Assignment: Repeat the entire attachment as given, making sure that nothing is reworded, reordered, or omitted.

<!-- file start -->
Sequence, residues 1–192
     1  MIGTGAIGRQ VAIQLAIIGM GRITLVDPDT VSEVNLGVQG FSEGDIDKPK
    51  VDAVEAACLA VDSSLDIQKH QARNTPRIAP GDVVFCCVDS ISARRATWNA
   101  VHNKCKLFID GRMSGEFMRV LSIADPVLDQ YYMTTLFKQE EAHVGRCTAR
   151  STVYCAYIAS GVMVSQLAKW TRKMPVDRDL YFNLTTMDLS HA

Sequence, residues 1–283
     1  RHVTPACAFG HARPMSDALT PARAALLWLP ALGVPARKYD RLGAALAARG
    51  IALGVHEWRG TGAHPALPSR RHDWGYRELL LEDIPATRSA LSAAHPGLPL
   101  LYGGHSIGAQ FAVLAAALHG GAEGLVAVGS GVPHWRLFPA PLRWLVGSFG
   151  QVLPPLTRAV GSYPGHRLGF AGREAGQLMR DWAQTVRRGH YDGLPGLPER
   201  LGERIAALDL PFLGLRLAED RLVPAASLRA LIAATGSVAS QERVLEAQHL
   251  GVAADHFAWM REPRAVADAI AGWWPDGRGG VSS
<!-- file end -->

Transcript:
Sequence, residues 1–192
     1  MIGTGAIGRQ VAIQLAIIGM GRITLVDPDT VSEVNLGVQG FSEGDIDKPK
    51  VDAVEAACLA VDSSLDIQKH QARNTPRIAP GDVVFCCVDS ISARRATWNA
   101  VHNKCKLFID GRMSGEFMRV LSIADPVLDQ YYMTTLFKQE EAHVGRCTAR
   151  STVYCAYIAS GVMVSQLAKW TRKMPVDRDL YFNLTTMDLS HA

Sequence, residues 1–283
     1  RHVTPACAFG HARPMSDALT PARAALLWLP ALGVPARKYD RLGAALAARG
    51  IALGVHEWRG TGAHPALPSR RHDWGYRELL LEDIPATRSA LSAAHPGLPL
   101  LYGGHSIGAQ FAVLAAALHG GAEGLVAVGS GVPHWRLFPA PLRWLVGSFG
   151  QVLPPLTRAV GSYPGHRLGF AGREAGQLMR DWAQTVRRGH YDGLPGLPER
   201  LGERIAALDL PFLGLRLAED RLVPAASLRA LIAATGSVAS QERVLEAQHL
   251  GVAADHFAWM REPRAVADAI AGWWPDGRGG VSS